Branding

You Are Not A Brand

Photo by    Cameron Clark

Photo by Cameron Clark

You are not a brand. You may be the face of your brand, and it may even bear your name, but the fact of the matter is that you yourself are not a brand. You are a multi-faceted human being and, in the words of Walt Whitman, you "contain multitudes."

You can build a brand that reflects your values and is infused with your personality and worldview, without allowing it to dictate how you behave, limit what you say, or define how you look at every second of every day. Being authentic doesn’t mean laying all your cards face up on the table. It also doesn’t require you throw “pearls to swine” and allow anyone and everyone access to every part of your life. Plus, if you want to scale or build a brand that will exist long after you’re gone, it will need to represent something bigger than yourself.

You can create multiple brands – completely separate from one another – with different target markets, different business strategies, different visual identities, different product categories, and set up specific branding for each of them that may not reflect your personality at all. There are zillions of companies like this that are very successful.

Others don’t get to define you, you get to define yourself. People may label you or assign motives, but at the end of the day, your actions and thoughts are your responsibility. This is why you are not a brand, no matter how popular or mainstream the term “personal branding” continues to be.

Brands can be shaped by us, but are ultimately defined by others. We, as humans, can be shaped by others, but ultimately we are defined by ourselves.


The original version of this post was published January 2014

The Truth About Storytelling As Marketing

A client doesn't hire you just because they heard your story.

A client hires you because they believe your story will help make their own story better in some way.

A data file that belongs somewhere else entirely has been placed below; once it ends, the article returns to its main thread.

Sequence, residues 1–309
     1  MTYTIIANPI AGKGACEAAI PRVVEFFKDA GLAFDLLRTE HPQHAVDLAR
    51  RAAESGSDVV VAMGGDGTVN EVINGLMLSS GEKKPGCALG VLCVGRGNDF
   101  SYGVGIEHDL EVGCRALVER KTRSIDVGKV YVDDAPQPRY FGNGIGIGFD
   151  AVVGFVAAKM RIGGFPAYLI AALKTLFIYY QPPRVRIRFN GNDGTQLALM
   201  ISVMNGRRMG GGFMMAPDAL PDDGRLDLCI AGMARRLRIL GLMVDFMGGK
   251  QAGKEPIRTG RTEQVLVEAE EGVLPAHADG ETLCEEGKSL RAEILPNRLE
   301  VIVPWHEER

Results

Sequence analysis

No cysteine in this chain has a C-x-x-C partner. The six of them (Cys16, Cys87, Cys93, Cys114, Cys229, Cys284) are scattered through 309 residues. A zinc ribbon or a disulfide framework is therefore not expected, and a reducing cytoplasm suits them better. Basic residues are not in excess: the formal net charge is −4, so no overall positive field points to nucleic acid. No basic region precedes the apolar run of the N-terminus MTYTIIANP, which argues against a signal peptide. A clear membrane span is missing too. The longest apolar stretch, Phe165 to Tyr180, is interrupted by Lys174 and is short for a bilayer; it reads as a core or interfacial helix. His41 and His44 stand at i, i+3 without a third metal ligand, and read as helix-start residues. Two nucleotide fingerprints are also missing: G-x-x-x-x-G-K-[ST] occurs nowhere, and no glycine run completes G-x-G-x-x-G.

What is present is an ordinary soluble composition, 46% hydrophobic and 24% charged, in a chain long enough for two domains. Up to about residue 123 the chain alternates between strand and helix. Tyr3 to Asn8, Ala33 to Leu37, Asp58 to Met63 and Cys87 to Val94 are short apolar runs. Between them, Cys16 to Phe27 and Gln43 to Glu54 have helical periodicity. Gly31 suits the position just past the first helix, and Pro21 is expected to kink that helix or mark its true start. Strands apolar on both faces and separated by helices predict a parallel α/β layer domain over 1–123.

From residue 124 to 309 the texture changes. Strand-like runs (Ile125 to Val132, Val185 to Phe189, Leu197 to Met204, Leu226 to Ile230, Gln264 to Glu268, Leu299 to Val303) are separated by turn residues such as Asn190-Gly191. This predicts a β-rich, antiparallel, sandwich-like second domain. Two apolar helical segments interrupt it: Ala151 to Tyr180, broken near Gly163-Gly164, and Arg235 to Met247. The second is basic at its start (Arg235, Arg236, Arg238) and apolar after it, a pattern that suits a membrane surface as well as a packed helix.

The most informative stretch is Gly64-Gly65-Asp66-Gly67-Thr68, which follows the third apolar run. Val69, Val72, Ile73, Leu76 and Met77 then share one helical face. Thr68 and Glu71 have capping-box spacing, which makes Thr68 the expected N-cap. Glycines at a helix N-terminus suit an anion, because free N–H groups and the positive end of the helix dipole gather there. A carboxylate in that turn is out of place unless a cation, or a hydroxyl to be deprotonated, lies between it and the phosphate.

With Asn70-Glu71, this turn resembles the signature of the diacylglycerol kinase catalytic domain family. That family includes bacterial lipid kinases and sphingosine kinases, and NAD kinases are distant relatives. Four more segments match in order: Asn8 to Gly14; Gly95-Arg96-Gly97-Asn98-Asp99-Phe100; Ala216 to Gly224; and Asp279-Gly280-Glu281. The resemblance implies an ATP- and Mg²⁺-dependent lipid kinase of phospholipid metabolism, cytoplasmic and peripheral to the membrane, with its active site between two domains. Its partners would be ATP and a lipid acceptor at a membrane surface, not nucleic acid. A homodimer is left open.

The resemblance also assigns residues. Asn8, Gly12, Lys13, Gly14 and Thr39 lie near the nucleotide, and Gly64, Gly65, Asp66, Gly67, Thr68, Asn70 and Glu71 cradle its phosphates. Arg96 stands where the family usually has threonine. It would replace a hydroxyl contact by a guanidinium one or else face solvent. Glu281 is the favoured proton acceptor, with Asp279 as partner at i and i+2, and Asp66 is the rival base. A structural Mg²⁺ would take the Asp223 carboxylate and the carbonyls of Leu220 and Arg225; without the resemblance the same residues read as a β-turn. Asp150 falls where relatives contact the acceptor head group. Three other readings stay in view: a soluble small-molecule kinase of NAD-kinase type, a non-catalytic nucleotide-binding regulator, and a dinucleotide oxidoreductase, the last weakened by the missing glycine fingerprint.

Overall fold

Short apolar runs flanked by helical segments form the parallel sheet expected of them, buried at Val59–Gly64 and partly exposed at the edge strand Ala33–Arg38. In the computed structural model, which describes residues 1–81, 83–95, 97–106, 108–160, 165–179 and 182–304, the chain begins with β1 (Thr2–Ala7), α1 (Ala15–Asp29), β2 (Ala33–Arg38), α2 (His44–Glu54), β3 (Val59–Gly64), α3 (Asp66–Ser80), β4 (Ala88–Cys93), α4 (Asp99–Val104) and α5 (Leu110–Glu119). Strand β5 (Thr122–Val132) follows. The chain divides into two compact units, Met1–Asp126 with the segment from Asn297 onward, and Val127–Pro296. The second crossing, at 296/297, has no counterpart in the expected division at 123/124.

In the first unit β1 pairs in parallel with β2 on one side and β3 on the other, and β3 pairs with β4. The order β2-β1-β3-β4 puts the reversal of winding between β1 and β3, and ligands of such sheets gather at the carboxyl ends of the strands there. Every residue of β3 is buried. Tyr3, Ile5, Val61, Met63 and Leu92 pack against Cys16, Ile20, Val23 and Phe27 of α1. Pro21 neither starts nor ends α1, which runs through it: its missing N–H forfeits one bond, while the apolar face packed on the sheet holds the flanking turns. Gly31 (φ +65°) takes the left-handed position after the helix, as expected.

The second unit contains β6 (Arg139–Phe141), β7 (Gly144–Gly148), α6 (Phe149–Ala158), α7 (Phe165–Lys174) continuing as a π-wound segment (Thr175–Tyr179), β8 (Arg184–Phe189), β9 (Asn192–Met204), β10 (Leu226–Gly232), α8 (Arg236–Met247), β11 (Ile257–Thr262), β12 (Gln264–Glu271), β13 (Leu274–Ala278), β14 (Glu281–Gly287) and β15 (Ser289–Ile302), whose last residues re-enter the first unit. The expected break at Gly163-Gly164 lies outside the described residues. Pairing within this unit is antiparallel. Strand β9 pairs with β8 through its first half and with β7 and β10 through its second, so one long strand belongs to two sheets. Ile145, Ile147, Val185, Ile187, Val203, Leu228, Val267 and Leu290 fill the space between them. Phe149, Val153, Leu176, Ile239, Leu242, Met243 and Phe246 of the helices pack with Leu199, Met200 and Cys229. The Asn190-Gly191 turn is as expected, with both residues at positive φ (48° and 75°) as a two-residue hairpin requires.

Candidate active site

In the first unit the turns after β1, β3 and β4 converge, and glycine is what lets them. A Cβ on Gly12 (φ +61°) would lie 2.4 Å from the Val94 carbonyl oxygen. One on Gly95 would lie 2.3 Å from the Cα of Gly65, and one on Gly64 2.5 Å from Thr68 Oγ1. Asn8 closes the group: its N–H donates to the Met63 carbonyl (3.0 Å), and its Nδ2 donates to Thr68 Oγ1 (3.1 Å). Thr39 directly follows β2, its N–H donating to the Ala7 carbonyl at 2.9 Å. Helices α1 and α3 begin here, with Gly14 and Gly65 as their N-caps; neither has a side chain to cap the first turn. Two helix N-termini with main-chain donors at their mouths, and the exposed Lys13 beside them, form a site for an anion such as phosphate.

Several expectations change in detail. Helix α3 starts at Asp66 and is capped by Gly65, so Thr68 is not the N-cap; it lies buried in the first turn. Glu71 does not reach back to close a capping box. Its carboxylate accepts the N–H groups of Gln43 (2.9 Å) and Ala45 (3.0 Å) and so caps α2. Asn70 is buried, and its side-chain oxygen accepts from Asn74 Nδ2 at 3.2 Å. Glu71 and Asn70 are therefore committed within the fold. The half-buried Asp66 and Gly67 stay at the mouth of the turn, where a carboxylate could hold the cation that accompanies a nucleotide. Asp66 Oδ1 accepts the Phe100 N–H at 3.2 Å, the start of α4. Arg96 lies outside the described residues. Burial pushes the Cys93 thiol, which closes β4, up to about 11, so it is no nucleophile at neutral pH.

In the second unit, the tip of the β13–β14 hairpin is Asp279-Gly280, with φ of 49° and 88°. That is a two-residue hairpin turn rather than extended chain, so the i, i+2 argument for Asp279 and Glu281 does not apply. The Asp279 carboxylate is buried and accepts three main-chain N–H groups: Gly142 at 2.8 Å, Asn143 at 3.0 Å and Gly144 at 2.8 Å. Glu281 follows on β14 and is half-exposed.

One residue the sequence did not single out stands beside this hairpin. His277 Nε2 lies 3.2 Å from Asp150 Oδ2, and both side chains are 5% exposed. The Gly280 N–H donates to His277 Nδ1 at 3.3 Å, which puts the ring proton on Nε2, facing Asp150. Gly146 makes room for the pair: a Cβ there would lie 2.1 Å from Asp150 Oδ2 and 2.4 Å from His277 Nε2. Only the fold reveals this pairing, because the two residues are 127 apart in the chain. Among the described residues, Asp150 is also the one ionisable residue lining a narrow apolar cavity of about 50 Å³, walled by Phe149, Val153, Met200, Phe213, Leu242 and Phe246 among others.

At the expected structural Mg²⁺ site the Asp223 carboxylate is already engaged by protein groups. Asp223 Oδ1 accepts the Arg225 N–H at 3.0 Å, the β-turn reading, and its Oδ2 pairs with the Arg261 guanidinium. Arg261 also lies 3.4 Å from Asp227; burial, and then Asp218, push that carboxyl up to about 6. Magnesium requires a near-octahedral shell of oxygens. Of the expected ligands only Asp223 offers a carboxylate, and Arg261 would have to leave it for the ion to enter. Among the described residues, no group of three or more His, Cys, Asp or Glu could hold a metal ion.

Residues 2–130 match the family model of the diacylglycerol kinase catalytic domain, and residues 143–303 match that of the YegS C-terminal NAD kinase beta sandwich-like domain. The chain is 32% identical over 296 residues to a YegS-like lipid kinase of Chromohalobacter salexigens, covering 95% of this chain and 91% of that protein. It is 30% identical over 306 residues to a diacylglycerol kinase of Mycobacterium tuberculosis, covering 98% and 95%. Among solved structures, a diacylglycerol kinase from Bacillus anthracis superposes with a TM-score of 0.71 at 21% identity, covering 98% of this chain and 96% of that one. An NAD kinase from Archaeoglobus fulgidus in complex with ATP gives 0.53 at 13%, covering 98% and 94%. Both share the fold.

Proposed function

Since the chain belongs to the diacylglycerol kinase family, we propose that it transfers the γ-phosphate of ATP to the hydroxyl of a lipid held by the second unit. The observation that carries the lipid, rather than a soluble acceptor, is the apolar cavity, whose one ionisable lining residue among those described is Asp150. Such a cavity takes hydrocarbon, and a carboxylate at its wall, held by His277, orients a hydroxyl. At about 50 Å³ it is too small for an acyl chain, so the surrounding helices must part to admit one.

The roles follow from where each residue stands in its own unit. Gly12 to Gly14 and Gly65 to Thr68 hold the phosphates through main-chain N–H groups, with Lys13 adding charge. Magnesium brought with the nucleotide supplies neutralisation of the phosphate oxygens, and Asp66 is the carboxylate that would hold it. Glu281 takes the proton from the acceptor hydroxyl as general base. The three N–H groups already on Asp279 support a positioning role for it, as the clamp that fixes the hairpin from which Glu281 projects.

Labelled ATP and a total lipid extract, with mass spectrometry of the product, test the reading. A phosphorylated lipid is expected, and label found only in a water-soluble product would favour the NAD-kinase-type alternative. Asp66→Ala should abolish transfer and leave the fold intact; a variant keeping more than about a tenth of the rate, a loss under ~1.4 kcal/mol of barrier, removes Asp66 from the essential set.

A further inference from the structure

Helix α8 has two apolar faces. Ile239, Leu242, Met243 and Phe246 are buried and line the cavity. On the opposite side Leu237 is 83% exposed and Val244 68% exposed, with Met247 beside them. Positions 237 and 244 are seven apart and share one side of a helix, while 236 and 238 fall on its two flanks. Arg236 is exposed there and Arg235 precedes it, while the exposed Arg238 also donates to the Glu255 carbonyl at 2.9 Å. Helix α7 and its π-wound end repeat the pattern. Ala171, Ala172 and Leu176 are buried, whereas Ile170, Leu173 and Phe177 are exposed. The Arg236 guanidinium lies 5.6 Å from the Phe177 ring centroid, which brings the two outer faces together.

Stories drive marketing and stories are what sell, but make no mistake: when it comes to these things your story is never really about you.

If you want your storytelling to succeed, try a little less me, a lot more here's how your life can be easier/simpler/better/more joyous/more memorable/more meaningful.
 


Originally published July 2011

How You May Be Proactively Self-Sabotaging Your Brand

Perspective is deeply personal. Mine is different than yours and both of ours are different from the person's sitting at the next table. All of our experiences, all of what we've read, all of what we listen to and watch, all of our travels and conversations filter into unique perspectives that no one else shares.

And while no one else can share our exact perspectives on the world, others can relate to them in some way, draw inspiration from them, see a reflection of themselves in them. The people that relate to our perspectives are the people we want as clients. The ones who "get" us and "get" the work that we do.

People can't hire you for your perspective if you aren't first showing them what your perspective is. If you're constantly quoting other blogs, magazines, Instagram "influencers", industry peers or leaders, and never offering your original take, then you are only lumping yourself in with everyone else. This is proactive self-sabotage.

To get the clients you really want, the ones who really "get" you, you first have to be willing to embrace the fact that some people won't relate to your perspective at all, that some people will never "get" you.

Next, you have to share more of your perspective than you parrot someone else's.
 


Originally published February 2012